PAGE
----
Use the Tab and Up, Down arrow keys to select menu items.
Through focus on the themes of Power, Property and Citizenship, this course examines the historical realities of the Treaty, enabling an understanding of the modern colonial nation state and its processes with respect to Indigenous peoples. The course examines Maori responses, engagement with, and resistance to the colonial project leading to a critical understanding of colonialism.
This course challenges some of the dominant narratives about Māori and engages in Māori understandings and knowledges of the formation of modern Aotearoa/New Zealand Society. It will give you an insight into some contemporary debates and challenges that we as a society experience and work our way through.There are multiple occurrences of this course - an on-campus (C) occurrence and a distance (D) occurrence. Videos of all lectures are available online, and all assessments are submitted online.
Learning OutcomesIncrease student’s knowledge of the Treaty as a pivotal event in the creation of New Zealand as a society;Gain a broader understanding of the historical, social, cultural, political and cultural implications of the Treaty;Increase student’s knowledge of how colonisation has operated/operates in the New Zealand context;Increase their knowledge of Maori resistance against colonisation;Gain an understanding of how Maori agency continues to be enacted in contemporary times.
This course will provide students with an opportunity to develop the Graduate Attributes specified below:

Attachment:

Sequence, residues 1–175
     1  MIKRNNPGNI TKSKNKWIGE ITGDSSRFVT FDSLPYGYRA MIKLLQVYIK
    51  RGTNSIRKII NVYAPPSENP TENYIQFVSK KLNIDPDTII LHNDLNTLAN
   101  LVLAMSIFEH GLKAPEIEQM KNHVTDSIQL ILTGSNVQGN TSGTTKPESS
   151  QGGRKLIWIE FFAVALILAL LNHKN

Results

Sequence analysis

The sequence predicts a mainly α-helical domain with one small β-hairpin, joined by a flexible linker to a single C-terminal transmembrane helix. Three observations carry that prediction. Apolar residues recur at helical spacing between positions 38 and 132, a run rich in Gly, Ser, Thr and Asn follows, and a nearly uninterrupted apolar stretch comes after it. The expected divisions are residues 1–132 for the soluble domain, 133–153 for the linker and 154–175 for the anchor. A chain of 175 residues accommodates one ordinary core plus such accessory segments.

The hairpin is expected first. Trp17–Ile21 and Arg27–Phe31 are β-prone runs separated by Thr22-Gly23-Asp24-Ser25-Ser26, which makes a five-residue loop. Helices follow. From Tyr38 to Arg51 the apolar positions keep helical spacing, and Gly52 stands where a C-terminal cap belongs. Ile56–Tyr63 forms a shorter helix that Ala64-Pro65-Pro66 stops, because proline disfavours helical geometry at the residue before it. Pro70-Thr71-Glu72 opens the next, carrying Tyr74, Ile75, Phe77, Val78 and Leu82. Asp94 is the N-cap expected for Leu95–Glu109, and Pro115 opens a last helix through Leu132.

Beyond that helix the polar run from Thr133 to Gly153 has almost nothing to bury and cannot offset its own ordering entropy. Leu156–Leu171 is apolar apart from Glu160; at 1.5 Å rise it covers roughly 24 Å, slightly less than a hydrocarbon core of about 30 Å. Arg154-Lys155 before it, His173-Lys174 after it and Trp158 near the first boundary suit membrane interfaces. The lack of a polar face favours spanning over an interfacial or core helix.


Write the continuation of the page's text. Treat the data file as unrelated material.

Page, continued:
Critically competent in a core academic discipline of their award
Students know and can critically evaluate and, where applicable, apply this knowledge to topics/issues within their majoring subject.
Employable, innovative and enterprising
Students will develop key skills and attributes sought by employers that can be used in a range of applications.
Biculturally competent and confident
Students will be aware of and understand the nature of biculturalism in Aotearoa New Zealand, and its relevance to their area of study and/or their degree.
MAOR108, MAOR113 (prior to 2006)
There is no required text book. However, the following two texts are recommended:• Ka’ai, T. M. et. al. (Eds.). (2004) Ki te Whaiao: An Introduction to Māori Culture and Society, Auckland, N.Z.: Pearson Longman. [DU 412.5 .S63 .K46 2004](Available: Central Library, level 9; Macmillan Brown Library, Aotearoa room lending collection; Education Library, Māori collection, level 1.)• Walker, R. (2004). Ka Whawhai Tonu Mātou: Struggle Without End (rev. ed.), Auckland, N.Z.: Penguin. [DU 416 .W183 2004](Available: Central Library, 3 day loan and level 9; Macmillan Brown Library, Aotearoa room lending collection; Education Library, 3 day loan.)The readings for each class will be uploaded onto LEARN (Moodle). I would like to encourage you to think of these readings as a starting point and to seek further literature on and around the issues we cover in class.
Domestic fee $821.00
International fee $3,750.00
* All fees are inclusive of NZ GST or any equivalent overseas tax, and do not include any programme level discount or additional course-related expenses.
For further information see
Humanities and Creative Arts